In a 1982 press conference, President Ronald Reagan wondered why unemployment was so high when The New York Times could list 44 pages, The Washington Post 33 pages, and The Los Angeles Times 65 pages “of those tiny help wanted ads.”

Ah, those were the days! But, that was the 1980s, just at the dawn of the era of personal computers. And, that was the time when looking at the help wanted section of your newspaper was a major method of acquiring a new job.

Computers, the Internet, and the proliferation of company Web sites have drastically altered the way we find jobs. The online job search, combined with networking, now is the predominant method. But, using newspapers isn’t obsolete, and shouldn’t be ignored. Some recent studies suggest that 25 percent of new job offers still originate from newspaper ads.

Here are a few tips to keep in mind for using newspaper ads in your job search:

 

  • Compare Ads. Peruse a newspaper’s job section to compare ads for similar jobs from different companies. This way you can find key words to use in your cover letter and resume, and key qualities these firms are seeking in a candidate.
  • Ad Frequency. Regularly monitor your newspaper to see how often a company is trying to fill a position. If an ad for the same job appears often, it might mean the company isn’t happy with its applicant pool or that it has a high turnover rate. Either way, this might be worth investigating.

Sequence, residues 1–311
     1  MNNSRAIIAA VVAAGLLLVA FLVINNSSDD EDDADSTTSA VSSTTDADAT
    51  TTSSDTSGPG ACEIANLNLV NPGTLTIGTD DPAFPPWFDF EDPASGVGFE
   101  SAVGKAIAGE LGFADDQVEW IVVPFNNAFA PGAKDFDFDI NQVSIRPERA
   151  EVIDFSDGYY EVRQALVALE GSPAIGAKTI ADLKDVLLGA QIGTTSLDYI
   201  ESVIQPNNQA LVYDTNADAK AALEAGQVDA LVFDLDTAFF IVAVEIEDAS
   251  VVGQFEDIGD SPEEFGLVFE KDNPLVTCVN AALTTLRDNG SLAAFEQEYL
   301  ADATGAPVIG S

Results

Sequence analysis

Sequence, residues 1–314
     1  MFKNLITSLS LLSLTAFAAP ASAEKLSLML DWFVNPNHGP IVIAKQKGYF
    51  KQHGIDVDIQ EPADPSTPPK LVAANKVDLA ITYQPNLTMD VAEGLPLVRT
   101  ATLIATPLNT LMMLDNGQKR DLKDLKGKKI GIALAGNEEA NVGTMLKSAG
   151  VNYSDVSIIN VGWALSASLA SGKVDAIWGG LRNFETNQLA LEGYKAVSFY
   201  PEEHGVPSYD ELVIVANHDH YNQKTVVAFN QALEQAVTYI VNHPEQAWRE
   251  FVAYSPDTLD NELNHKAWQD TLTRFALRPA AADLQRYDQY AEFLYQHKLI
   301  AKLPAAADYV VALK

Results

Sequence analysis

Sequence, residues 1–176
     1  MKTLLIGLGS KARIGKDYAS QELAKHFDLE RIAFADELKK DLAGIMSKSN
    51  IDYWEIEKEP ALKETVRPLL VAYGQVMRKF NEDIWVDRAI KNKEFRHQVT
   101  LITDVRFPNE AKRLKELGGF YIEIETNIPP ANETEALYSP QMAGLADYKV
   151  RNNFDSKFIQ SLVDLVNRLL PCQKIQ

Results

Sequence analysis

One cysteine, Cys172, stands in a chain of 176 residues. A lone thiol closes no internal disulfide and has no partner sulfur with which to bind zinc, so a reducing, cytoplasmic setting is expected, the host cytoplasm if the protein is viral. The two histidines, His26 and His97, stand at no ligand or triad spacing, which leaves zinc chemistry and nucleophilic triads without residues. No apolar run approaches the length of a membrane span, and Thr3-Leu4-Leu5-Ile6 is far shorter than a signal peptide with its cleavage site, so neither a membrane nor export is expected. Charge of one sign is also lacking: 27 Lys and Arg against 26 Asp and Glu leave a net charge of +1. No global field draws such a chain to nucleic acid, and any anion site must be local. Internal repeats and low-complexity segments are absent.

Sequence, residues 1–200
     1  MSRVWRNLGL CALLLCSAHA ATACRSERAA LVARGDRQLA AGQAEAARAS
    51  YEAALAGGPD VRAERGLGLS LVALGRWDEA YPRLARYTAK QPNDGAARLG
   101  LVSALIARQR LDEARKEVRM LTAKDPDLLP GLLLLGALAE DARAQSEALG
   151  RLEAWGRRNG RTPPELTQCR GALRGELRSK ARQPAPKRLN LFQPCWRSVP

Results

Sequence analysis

• Special Sections. Major newspapers often will run special sections of help wanted ads that highlight specific job areas, such as high tech, biotech, pharmaceutical, health care, engineering, and higher education. This will provide you with plenty of opportunities to compare companies and positions.

  • Community Messaging. A company often reveals important messaging in a newspaper ad, such as “Live Your Mission,” “There has never been a better time to join us,” and “It’s easy for you to go to great lengths at …” You can then turn around this messaging and use it in your cover letter and during your interview.

  • Local Newspapers. Don’t forget to check your small local newspaper. You might find an ad from your favorite local company that is specifically looking for local applicants. This could end up being the matc